Biodiversity: Polar Bears and the Poles’ Melting Ice.

Along with the Arctic ice, the rich world’s smugness will melt. The belief that Europe and America will be hit least by climate change is in ruins. Yet all we do is try to profit from disasters. Says :

Vanishing Arctic ice is the planet’s white flag of surrender. The planet’s last great global ice melt left a benign and balmy climate in which civilization was cradled: the new great melting heralds a grave threat to civilization. But as the polar flag becomes ever more tattered, with holes scorched by hotter ocean waters, humanity pumps ever more globe-warming gases into the air.

This ice melting happens very far from most of us, so we do not really think about it. The poles are part of our world and play a very significant role in our lives. This is why GreenDustries wants to inform you the best we can.

  • Greenland and Antarctica ‘have lost four trillion tons of ice’ in 20 years pushing up sea levels, according to a study that provides the best measure to date of the effect climate change is having on the earth’s biggest ice sheets.
  • As Arctic Temperatures Rise, Tundra Fires Increase. In September, 2007, the Anaktuvuk River Fire burned more than 1,000 square kilometers of tundra on Alaska’s North Slope, doubling the area burned in that region since record keeping began in 1950. A new analysis of sediment cores from the burned area revealed that :

This was the most destructive tundra fire at that site for at least 5,000 years.

Models built on 60 years of climate and fire data found that even moderate increases in warm-season temperatures in the region dramatically increase the likelihood of such fires. After the Anaktuvuk fire, University of Illinois plant biology professor Feng Sheng Hu sought to answer a simple question: Was this seemingly historic fire an anomaly, or were large fires a regular occurrence in the region?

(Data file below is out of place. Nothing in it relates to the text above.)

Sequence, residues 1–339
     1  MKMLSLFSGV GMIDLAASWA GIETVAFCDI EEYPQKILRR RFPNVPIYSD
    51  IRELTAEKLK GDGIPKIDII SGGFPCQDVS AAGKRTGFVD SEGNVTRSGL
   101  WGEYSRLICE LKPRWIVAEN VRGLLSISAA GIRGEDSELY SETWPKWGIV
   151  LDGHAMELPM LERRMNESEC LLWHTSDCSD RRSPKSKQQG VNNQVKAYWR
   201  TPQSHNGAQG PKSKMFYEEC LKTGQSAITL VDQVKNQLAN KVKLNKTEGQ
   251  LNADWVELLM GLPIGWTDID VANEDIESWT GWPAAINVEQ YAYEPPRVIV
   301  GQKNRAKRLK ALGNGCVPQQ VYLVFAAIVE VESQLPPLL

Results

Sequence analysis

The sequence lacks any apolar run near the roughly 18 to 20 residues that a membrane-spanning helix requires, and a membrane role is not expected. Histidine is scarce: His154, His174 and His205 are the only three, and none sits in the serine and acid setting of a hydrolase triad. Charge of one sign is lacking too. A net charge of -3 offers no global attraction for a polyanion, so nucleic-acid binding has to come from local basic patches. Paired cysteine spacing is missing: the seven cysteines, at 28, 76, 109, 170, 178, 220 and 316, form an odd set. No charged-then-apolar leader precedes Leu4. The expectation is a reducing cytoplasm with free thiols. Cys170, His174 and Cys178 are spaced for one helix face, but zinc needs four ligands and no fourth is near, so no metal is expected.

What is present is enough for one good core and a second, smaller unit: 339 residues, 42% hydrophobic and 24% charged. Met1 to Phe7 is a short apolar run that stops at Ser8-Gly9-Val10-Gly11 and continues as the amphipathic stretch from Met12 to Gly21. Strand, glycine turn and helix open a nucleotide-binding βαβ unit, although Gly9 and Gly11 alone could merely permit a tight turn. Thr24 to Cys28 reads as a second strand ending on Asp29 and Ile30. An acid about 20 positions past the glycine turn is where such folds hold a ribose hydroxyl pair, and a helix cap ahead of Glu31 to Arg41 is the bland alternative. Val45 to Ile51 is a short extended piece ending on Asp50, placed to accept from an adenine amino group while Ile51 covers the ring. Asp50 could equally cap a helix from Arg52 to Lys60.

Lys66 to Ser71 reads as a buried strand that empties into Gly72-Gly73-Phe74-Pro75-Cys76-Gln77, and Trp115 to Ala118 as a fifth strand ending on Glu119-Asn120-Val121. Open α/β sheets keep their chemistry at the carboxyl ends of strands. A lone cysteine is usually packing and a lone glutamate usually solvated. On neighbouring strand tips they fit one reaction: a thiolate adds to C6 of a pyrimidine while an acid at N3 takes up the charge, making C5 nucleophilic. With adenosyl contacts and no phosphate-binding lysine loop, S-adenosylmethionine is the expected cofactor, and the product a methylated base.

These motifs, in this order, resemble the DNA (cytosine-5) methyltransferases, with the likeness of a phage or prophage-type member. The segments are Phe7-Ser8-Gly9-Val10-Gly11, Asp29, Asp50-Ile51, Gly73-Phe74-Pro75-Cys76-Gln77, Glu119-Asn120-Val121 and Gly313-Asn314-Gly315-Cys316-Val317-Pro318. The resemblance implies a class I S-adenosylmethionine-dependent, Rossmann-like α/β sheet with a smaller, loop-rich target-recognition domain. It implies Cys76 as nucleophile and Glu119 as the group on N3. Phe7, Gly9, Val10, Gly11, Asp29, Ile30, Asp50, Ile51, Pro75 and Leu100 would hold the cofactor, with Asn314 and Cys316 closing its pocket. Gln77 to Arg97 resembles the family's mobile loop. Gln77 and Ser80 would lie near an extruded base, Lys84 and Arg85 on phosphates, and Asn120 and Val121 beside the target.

“If such fires occur every 200 years or every 500 years, it’s a natural event,” Hu said. “But another possibility is that these are truly unprecedented events caused by, say, greenhouse warming.”

On a trip to Alaska in 2008, Hu chartered a helicopter to the region of the Anaktuvuk fire and collected sediment cores from two affected lakes. He and his colleagues analyzed the distribution of charcoal particles in these cores and used established techniques to determine the approximate ages of different sediment layers. The team found no evidence of a fire of similar scale and intensity in sediments representing roughly 5,000 years at that locale.

The researchers then analyzed 60 years of fire, temperature and precipitation records from the Alaskan tundra to determine whether specific climate conditions prevailed in years with significant tundra fires. June through September.

This analysis uncovered a striking pattern, Hu said. “There is a dramatic, nonlinear relationship between climate conditions and tundra fires, and what one may call a tipping point,” he said. Once the temperature rises above a mean threshold of 10 degrees Celsius (50 degrees Fahrenheit) in the June-through-September time period, he said, “the tundra is just going to burn more frequently.” “As temperature rises, so too does evaporation,”. “So even if future precipitation increases, it’s likely that increased evaporation will result in overall lower moisture availability. This affects plants, but it also makes dead vegetation more flammable and fire prone.”

(The study team also included researchers from the University of Alaska Fairbanks, Neptune and Company, and the University of Washington.

The National Science Foundation and the Joint Fire Science Program supported this study.) With what’s going on, what about the wildlife in the Artic? What about the Polar Bears?

Polar bears roam the Arctic ice sheets and swim in that region’s coastal waters. They are very strong swimmers, and their large front paws, which they use to paddle, are slightly webbed. Some polar bears have been seen swimming hundreds of miles from land—though they probably cover most of that distance by floating on sheets of ice.